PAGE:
It also decided to hold an early presidential election on 24 August In November , Vladimir Putin moved to formalise the Abkhazian military's relationship as part of the Russian armed forces, signing a treaty with Khajimba.

Venezuela recognised Abkhazia in September A majority of sovereign states recognise Abkhazia as an integral part of Georgia and support its territorial integrity according to the principles of international law , although Belarus has expressed sympathy toward the recognition of Abkhazia.

In early , then-UN Special Representative of the Secretary General Dieter Boden and the Group of Friends of Georgia, consisting of the representatives of Russia, the United States, Britain, France, and Germany, drafted and informally presented a document to the parties outlining a possible distribution of competencies between the Abkhaz and Georgian authorities, based on core respect for Georgian territorial integrity.

The Abkhaz side, however, has never accepted the paper as a basis for negotiations. On 18 October , the People's Assembly of Abkhazia passed a resolution, calling upon Russia, international organisations and the rest of the international community to recognise Abkhaz independence on the basis that Abkhazia possesses all the properties of an independent state.

Georgia accuses the Abkhaz secessionists of having conducted a deliberate campaign of ethnic cleansing of up to , Georgians, a claim supported by the Organization for Security and Co-operation in Europe OSCE; Budapest, Lisbon and Istanbul declaration.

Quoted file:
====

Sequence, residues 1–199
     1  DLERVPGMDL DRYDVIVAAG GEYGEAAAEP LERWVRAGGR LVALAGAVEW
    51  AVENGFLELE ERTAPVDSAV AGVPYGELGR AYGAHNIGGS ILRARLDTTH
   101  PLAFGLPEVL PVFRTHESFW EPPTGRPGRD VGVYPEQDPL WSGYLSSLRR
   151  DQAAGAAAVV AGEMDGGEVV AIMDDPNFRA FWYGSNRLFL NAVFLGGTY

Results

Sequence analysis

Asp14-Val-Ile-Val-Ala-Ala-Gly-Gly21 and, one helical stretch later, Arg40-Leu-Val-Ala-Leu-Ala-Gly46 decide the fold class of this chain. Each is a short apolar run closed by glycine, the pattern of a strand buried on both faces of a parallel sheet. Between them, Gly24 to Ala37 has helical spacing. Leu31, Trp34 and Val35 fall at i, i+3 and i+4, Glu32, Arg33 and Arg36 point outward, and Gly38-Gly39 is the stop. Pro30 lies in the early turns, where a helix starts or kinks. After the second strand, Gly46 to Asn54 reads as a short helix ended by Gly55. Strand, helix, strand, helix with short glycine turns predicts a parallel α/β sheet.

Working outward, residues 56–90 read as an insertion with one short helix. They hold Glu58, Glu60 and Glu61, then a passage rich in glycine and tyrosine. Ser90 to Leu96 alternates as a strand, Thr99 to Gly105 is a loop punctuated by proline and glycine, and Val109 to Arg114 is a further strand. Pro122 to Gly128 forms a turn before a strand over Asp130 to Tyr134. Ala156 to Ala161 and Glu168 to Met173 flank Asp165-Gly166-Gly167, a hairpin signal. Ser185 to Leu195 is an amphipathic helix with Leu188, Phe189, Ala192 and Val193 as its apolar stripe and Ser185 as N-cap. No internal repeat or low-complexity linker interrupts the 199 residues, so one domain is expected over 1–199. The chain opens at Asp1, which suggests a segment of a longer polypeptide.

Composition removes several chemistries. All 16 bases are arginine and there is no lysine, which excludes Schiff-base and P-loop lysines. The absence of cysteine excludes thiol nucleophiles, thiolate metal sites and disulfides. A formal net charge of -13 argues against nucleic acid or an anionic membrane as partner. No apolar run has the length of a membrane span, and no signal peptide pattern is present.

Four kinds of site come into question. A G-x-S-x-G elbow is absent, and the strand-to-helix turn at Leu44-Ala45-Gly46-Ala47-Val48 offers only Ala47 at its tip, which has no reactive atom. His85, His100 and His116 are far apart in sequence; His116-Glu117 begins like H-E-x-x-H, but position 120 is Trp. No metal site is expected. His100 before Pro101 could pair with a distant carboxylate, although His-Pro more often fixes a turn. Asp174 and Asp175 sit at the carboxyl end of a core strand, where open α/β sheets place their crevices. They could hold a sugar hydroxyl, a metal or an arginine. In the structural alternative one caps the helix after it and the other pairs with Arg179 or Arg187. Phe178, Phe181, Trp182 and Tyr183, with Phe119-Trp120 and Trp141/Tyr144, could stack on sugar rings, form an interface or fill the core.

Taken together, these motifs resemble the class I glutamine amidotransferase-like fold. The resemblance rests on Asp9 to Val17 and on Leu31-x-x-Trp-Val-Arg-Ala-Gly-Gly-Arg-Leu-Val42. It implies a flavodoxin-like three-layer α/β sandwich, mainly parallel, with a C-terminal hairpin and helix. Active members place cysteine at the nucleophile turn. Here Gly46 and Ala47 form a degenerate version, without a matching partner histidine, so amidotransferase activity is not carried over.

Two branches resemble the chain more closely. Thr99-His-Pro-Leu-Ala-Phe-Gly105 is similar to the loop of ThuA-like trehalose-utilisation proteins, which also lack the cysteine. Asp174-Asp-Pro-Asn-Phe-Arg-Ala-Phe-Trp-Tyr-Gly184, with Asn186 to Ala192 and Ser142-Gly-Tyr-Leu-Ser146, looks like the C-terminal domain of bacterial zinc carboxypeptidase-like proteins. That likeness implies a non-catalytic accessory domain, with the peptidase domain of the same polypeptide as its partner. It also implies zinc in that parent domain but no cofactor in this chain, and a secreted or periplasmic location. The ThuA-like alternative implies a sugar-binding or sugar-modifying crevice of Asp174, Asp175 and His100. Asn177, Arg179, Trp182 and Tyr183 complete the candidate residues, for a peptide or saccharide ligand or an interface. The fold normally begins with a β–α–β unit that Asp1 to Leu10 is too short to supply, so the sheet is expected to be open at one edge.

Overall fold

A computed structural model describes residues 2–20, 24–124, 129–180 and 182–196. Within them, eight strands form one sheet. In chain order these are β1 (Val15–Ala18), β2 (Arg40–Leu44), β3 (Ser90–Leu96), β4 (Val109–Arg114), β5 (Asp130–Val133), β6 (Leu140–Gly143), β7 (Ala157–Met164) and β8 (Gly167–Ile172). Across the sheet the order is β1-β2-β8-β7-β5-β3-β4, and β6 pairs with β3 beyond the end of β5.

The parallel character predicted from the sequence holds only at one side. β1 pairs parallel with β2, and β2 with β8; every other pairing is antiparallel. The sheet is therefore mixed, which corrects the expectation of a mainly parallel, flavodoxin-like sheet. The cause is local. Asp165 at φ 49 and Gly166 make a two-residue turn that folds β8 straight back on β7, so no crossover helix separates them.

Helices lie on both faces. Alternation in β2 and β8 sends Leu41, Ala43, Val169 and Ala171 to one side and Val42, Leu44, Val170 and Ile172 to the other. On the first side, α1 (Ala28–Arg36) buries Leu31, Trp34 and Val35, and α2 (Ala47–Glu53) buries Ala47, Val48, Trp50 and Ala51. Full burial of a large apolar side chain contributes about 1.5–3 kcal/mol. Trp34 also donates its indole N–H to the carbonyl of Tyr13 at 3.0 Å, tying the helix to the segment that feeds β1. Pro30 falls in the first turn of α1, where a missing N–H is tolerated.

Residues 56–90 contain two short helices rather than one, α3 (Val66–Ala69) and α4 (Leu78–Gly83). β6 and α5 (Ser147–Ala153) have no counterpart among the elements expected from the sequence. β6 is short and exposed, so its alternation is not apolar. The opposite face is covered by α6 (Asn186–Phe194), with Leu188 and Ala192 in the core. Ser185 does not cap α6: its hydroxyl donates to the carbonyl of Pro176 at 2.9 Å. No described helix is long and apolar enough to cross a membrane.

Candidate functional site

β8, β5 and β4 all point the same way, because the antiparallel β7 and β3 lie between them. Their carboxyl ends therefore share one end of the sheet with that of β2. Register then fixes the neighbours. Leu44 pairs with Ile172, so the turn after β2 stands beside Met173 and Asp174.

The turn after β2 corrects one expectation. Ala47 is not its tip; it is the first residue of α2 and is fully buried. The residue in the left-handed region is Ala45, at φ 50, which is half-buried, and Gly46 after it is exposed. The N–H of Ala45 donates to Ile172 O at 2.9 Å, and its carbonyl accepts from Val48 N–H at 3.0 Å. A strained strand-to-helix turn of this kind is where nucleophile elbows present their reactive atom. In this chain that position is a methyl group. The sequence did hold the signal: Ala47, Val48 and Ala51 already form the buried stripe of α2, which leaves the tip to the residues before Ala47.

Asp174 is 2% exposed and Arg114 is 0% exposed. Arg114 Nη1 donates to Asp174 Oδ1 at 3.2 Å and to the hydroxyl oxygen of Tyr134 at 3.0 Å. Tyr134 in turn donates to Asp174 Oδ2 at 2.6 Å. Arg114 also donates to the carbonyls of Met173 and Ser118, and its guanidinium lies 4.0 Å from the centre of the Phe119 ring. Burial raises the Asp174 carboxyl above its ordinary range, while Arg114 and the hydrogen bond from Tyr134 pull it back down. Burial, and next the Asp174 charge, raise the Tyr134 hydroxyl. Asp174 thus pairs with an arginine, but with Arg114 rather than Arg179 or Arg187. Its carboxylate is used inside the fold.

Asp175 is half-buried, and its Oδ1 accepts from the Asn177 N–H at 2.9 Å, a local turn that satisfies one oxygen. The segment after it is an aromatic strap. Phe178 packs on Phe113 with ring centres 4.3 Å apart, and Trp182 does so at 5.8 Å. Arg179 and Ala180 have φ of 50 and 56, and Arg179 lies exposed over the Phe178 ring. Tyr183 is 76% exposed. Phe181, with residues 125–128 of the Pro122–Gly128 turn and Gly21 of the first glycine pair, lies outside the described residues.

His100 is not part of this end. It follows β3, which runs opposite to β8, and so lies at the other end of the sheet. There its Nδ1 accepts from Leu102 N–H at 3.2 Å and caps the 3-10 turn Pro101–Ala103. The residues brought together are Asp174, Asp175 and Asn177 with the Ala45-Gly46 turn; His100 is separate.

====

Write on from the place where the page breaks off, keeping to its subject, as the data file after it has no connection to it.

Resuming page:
It "regretted" the attempts to alter pre-war demographic composition and called for the "rapid development of a timetable to ensure the prompt voluntary return of all refugees and internally displaced persons to their homes.

On 28 March , the President of Georgia Mikheil Saakashvili unveiled his government's new proposals to Abkhazia: the broadest possible autonomy within the framework of a Georgian state, a joint free economic zone, representation in the central authorities including the post of vice-president with the right to veto Abkhaz-related decisions.

The resolution calls on the Russian authorities to refrain from maintaining ties with the breakaway regions "in any manner that would constitute a challenge to the sovereignty of Georgia" and also urges Russia "to abide by OSCE standards and generally accepted international norms with respect to the threat or use of force to resolve conflicts in relations with other participating States.

On 9 July , the OSCE Parliamentary Assembly passed a resolution at its annual session in Monaco , underlining Georgia's territorial integrity and referring to breakaway Abkhazia and South Ossetia as "occupied territories".

The resolution "urges the Government and the Parliament of the Russian Federation, as well as the de facto authorities of Abkhazia, Georgia and South Ossetia, Georgia, to allow the European Union Monitoring Mission unimpeded access to the occupied territories.

In late October President Saakashvili signed into law legislation on the occupied territories passed by the Georgian Parliament.

The law covers the breakaway regions of Abkhazia and Tskhinvali territories of former South Ossetian Autonomous Oblast.